The figures quoted above include a profit of £28.8m in the transfer market.  But the next set of accounts will include the first write down of signings such as Eden Hazard for £30m, Juan Mata (£23.5m) and Gary Cahill (£7m).  Against this there have not been major incomes from sales to balance this.   So how does FFP balance?

The debt of  around £166.6m has been was turned into equity during the course of the year “making Chelsea FC plc debt free”.  Maybe that does work as an FFP loop hole, but I didn’t think it did.  If it does then FFP seems to be meaningless.

Either way Chelsea looks certain to be one of the defining points as to FFP.  If they can keep on spending, and as a result return to loss making, with that loss being turned into shares, then I’ve misunderstood FFP all the way through.  (But me misunderstanding stuff is hardly new).  But then, that’s so obvious surely someone in Uefa would have thought of it.

On the other hand it has always been said that Chelsea were the club that proposed FFP to Uefa – so maybe they built in their own loophole.

As usual such matters are quite beyond me, but I’m sure someone will help me out.

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23 comments to When Chelsea get a new manager they spend big.

  • Matt

    UEFA are keen to ensure that clubs don’t go deeper and deeper into debt so insist that any clubs losses over €5m during a single 3 year Monitoring Period are fully funded by their owner. In practice this means that clubs can only lose up to the maximum €45m during the first 3 year Monitoring Period if their owner is able and willing to put their hand in their pocket for any loss over €5m and, in UEFA’s terminology, ‘convert the loss to equity’. But what does this term mean and what are the implications? Let’s use an example of a club losing €30m during the first Monitoring Period. We can see that the club passes the Break-Even test (as the loss is below the €45 threshold). However the €30m loss is above the €5m figure and the owner will need to take some action. In this example the club will create additional shares which the owner will have to buy for €25m (the difference between €30m and €5m). The Club will gain €25m in cash (ensuring the club’s overdraft/debt doesn’t increase) and the owner will be out of pocket by €25m. However, the owner will now hold a potentially worthless paper share certificate. The problem for the owner is that they may never get their €25m back again they might possibly get it back if they sold the club, or if the club makes a profit in future years and he gets paid a dividend). This scenario might not trouble Abramovich or Sheikh Mansour but is the irksome prospect facing the owners of clubs such as Newcastle, Sunderland and Aston Villa.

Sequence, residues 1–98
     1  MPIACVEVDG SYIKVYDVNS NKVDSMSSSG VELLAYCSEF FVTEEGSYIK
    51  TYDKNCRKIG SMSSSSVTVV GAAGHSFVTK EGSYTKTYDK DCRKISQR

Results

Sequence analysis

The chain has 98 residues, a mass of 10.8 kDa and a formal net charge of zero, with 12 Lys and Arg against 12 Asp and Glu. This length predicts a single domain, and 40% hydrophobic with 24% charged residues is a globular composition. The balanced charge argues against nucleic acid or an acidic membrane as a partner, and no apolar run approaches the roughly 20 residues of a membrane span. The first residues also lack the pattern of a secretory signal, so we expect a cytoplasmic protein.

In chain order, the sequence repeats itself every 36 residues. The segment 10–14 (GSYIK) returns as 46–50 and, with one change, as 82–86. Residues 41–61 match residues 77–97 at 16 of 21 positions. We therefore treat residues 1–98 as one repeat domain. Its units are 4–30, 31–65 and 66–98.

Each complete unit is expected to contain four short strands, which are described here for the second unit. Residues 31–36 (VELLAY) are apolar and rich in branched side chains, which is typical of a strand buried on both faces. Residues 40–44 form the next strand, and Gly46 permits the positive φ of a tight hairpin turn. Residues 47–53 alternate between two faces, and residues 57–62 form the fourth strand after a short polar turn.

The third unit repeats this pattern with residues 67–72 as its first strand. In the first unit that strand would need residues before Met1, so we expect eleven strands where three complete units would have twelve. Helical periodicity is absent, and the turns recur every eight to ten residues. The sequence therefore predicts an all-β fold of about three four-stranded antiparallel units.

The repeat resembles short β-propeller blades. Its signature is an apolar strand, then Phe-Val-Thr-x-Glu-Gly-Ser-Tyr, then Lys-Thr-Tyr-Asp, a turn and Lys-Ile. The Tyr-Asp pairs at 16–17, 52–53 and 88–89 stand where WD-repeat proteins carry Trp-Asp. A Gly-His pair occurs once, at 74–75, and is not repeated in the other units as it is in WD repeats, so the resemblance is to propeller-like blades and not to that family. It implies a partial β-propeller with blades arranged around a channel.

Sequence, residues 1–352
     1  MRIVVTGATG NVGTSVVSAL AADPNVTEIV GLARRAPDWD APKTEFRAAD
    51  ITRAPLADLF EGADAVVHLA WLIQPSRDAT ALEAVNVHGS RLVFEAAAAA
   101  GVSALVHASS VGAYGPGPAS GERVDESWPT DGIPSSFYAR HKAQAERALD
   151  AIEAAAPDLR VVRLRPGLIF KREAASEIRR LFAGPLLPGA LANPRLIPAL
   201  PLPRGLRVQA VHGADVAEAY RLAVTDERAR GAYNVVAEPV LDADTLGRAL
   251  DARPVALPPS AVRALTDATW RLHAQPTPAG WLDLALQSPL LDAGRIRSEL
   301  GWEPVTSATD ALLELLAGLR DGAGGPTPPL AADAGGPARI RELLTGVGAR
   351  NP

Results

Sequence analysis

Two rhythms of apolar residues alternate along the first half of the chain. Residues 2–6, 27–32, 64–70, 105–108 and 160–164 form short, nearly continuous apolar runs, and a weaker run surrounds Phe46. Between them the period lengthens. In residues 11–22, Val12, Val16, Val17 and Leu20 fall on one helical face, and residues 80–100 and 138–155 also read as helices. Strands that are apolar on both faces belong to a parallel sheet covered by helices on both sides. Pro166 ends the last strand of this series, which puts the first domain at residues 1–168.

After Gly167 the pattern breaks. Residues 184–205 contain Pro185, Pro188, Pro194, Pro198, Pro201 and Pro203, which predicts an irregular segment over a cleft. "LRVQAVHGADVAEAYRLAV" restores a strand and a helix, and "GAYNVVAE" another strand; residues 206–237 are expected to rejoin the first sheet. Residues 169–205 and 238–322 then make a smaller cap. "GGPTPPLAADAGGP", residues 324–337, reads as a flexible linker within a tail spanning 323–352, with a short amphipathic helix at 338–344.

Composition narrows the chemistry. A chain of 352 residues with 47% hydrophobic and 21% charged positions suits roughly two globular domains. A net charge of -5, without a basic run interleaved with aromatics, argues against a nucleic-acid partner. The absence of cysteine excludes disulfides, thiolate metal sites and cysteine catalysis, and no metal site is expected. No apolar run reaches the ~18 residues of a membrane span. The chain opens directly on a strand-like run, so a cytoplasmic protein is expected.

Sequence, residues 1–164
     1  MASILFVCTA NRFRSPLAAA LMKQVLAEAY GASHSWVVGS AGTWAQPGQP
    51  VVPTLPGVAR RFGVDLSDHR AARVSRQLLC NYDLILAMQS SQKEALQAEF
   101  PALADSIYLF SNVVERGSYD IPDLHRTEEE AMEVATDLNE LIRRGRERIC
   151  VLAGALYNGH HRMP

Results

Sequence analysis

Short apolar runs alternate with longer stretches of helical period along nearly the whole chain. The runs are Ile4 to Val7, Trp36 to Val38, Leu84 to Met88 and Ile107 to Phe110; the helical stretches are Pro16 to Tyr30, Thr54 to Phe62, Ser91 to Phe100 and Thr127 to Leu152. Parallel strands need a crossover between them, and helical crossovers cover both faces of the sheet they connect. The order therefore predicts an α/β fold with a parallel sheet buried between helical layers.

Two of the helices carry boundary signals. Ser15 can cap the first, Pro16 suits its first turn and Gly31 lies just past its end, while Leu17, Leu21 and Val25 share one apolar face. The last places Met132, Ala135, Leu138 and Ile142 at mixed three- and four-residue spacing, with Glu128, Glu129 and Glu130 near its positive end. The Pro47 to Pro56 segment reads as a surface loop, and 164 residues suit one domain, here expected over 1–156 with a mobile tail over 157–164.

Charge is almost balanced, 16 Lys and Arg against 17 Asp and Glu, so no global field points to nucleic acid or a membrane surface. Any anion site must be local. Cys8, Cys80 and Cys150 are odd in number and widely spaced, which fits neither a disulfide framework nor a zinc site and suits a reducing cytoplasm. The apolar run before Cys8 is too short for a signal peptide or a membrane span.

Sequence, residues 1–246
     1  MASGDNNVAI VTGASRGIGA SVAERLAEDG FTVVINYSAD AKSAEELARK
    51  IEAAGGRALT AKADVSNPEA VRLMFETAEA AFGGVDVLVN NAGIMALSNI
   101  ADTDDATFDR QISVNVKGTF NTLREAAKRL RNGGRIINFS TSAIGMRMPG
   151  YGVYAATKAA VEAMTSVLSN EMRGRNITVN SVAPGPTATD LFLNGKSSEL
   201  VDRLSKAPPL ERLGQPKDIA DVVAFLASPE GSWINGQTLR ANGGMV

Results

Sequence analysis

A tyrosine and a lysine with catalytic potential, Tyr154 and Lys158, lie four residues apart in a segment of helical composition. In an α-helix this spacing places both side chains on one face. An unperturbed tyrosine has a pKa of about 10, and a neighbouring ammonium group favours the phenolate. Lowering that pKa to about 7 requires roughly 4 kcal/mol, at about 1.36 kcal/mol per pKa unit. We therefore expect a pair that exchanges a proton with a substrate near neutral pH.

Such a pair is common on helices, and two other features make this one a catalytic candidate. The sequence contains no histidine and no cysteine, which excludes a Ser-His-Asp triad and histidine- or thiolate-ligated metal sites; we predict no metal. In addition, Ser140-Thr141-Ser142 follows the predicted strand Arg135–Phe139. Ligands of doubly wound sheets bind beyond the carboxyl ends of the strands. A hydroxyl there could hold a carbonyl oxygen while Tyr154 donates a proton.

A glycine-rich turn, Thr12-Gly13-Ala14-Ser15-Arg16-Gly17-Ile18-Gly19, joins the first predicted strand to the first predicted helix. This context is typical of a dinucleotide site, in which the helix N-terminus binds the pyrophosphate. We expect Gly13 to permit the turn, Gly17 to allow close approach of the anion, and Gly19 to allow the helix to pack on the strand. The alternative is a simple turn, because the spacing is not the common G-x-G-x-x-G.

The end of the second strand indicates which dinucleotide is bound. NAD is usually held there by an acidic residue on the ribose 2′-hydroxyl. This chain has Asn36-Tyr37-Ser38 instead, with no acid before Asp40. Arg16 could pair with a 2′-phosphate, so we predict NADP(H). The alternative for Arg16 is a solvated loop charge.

• There is one other exclusion that causes most confusion amongst journalists and fans; clubs are able to exclude certain wages for their long-standing players. By way of background; when the rules were first proposed, some clubs complained that they were already committed to paying high wage bills for some players on existing contracts and that they could fail the Break Even test as a result. UEFA therefore introduced an appendix to the rules which allows clubs who have failed the Break Even test to run the test again, but this time deduct the wages paid to players on pre-June 2010 contracts. However clubs can only deduct the wages paid to their long-standing players during one season (2011/12) and can only use the exclusion if they can show their Break Even deficit is reducing each year. Chelsea, for example, will probably find that they are not able to deduct the wages paid to Terry, Lampard, Drogba etc during 2011/12. This is because club losses are likely to increase in 2012/13 (they won the Champions League in 2011/12 and are likely to see their UEFA receipts and commercial income reduced in 2012/13).